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Running with George Best


AFC Bournemouth AFC Bournemouth

On the day he would have turned 74, we look back on the brief time George Best spent as an AFC Bournemouth player.

He may be legendary for his time with Manchester United, but the final five league appearances of the Ballon d'Or winner's career came in the red of the Cherries.

Playing alongside best in all of those games was a young Nigel Spackman, and he spoke about the intriguing spell in the club’s history when the two of them lined up together.

During an illustrious playing career, Spackman rubbed shoulders with some of the game’s greats – none more so than George Best.

Spackman lined up alongside Best when the legendary Northern Irishman turned out for AFC Bournemouth on five occasions in the 1982/83 season.

The two players were at opposite ends of their careers, Spackman having joined the Cherries as a teenager from Southern League Andover in May 1980.

Best, meanwhile, had played his last game for Manchester United some nine years previously and had continued to ply his trade with a host of clubs in England, Scotland and America.

The 36-year-old had been persuaded to play for the Cherries by Anton Johnson, the flamboyant head of a consortium which had reportedly recently purchased the club.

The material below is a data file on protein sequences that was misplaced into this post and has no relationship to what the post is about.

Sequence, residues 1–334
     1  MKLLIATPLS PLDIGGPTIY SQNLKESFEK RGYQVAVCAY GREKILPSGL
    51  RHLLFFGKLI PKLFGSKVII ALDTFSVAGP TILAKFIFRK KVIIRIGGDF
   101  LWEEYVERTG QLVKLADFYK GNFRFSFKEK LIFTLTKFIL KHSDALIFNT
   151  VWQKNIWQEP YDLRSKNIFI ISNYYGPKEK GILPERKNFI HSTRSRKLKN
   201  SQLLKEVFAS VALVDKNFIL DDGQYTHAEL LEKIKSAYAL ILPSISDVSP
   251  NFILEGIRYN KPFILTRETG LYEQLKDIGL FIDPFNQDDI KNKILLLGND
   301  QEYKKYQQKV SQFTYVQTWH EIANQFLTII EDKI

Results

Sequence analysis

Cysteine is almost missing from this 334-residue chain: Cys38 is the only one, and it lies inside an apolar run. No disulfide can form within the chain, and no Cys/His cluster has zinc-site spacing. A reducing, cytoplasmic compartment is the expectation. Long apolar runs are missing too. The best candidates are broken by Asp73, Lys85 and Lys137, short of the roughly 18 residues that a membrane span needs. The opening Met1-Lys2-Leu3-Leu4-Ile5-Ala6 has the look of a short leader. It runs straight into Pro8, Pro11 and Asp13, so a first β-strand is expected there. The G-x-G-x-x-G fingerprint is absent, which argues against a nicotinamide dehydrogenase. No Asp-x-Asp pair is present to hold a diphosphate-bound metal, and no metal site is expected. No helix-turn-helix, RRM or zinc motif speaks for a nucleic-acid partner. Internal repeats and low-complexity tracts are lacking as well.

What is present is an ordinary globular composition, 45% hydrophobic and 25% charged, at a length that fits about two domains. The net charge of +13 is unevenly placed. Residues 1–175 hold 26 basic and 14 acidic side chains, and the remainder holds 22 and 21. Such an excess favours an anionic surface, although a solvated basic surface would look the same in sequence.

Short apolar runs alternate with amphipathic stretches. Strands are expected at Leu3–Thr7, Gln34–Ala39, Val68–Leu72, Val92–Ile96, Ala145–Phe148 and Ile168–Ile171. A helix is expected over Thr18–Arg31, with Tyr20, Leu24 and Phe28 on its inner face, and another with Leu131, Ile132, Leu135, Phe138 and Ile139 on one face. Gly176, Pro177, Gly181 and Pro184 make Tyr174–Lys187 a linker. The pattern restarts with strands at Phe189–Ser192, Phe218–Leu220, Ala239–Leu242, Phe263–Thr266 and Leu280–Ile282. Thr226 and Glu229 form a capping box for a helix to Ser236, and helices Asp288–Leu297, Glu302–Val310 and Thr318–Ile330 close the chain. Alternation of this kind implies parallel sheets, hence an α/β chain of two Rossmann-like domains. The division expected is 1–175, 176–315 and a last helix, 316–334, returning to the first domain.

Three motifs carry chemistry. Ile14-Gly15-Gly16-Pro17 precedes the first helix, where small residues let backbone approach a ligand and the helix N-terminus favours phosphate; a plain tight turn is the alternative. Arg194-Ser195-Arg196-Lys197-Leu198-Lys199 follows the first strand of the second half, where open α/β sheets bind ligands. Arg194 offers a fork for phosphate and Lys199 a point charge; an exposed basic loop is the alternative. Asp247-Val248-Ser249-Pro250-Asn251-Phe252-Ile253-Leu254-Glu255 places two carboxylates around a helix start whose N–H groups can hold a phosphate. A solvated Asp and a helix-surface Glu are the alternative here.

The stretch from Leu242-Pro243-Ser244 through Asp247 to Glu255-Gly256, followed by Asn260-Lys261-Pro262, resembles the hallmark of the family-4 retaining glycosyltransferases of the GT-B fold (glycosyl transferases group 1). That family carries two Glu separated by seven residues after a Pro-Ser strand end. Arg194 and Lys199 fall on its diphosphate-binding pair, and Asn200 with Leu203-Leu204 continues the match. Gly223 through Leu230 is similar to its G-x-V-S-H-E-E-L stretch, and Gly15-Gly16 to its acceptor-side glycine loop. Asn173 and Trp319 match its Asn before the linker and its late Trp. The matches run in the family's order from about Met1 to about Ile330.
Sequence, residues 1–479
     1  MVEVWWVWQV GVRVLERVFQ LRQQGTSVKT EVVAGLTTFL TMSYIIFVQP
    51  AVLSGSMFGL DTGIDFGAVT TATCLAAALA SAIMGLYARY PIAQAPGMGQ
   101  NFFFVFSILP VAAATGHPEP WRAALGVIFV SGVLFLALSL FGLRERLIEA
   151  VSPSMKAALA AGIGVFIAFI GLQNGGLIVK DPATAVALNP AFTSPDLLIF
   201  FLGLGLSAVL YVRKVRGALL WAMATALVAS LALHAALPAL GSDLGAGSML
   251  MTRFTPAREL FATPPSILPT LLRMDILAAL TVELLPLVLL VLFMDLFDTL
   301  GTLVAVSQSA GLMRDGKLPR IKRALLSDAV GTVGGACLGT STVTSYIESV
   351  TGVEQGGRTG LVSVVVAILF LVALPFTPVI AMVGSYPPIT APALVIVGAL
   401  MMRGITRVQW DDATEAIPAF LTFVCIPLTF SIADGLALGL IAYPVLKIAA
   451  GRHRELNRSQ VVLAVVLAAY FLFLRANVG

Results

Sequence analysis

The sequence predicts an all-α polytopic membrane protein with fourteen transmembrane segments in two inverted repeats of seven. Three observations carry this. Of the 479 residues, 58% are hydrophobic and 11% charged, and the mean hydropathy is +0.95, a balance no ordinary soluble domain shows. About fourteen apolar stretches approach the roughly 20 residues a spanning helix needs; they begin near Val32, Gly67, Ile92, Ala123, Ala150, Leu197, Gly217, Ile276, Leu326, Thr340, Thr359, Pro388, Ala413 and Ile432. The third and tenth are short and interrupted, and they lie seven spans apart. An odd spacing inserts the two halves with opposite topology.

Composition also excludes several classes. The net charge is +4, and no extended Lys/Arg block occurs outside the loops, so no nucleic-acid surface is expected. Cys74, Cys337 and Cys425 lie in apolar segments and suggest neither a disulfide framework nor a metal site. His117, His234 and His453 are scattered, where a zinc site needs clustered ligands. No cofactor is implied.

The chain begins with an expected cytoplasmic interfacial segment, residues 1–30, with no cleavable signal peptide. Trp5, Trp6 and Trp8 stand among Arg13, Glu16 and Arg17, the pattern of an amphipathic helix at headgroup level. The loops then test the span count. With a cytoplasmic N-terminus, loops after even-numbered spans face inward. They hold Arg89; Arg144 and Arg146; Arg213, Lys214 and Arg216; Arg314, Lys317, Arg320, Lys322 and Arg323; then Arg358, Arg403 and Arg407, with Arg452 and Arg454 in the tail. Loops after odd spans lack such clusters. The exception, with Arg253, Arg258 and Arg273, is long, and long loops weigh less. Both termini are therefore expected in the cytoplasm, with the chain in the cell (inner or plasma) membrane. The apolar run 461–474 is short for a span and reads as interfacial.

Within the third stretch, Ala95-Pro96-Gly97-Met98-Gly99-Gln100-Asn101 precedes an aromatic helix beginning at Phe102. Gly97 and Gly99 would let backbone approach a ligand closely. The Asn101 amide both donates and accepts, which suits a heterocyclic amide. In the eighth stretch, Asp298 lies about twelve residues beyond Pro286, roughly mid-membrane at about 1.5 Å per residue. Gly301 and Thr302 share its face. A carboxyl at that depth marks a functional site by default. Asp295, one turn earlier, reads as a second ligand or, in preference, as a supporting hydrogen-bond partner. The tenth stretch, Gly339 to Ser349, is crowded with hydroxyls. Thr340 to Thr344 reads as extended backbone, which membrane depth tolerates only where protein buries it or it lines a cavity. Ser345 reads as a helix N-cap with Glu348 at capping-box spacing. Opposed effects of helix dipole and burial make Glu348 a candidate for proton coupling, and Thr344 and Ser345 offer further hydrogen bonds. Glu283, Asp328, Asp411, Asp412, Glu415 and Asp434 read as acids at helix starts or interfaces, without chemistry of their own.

Spackman, who went on to win the top-flight title with Liverpool in 1987/88, takes up the story: “There had been a lot of speculation in the local press about George Best coming to play for us. There was no Sky Sports in those days, it was just local media.

“You would see stories in the local Echo that then-manager Dave Webb was trying to get George. It would all die down and then raise its head again.

“One day, we turned up for training and Don Megson, who had taken over as manager, told us we had a new signing.

“We were in the dressing room getting changed and Don asked us to give him a warm welcome when we went outside to meet him.

“To my recollection, Don didn’t say it was George. I don’t think he told us and it was a surprise when we got out there. I might be wrong but that’s how I remember it, it was a long time ago!

“As we walked across the field, you could see this guy volleying balls and warming up. As you got closer, you could see the beard and you could see it was George Best.

“Everybody got together and welcomed him and that was the start of George Best being an AFC Bournemouth player.

“In the session, you could see George wasn’t as fit as he needed to be but it was amazing to be on the same training pitch as an absolute icon of the game.

“The thing I remember most is a woman in a tracksuit watching the training. I was 21 at the time and admit I had taken my eye off the ball, looking at this rather attractive young lady in a tracksuit.

“That young lady turned out to be Mary Stavin, the former Miss World! It was a double whammy for me – George Best and Miss World both at the same time!”

News of Best’s signing created a media frenzy with a crowd of more than 9,000 – over double the usual gate – flocking to Dean Court to witness his debut against Newport County in March 1983.

However, the match proved something of an anti-climax with Best failing to live up to the hype, his mercurial talent sorely missing as the Cherries suffered a 1-0 defeat.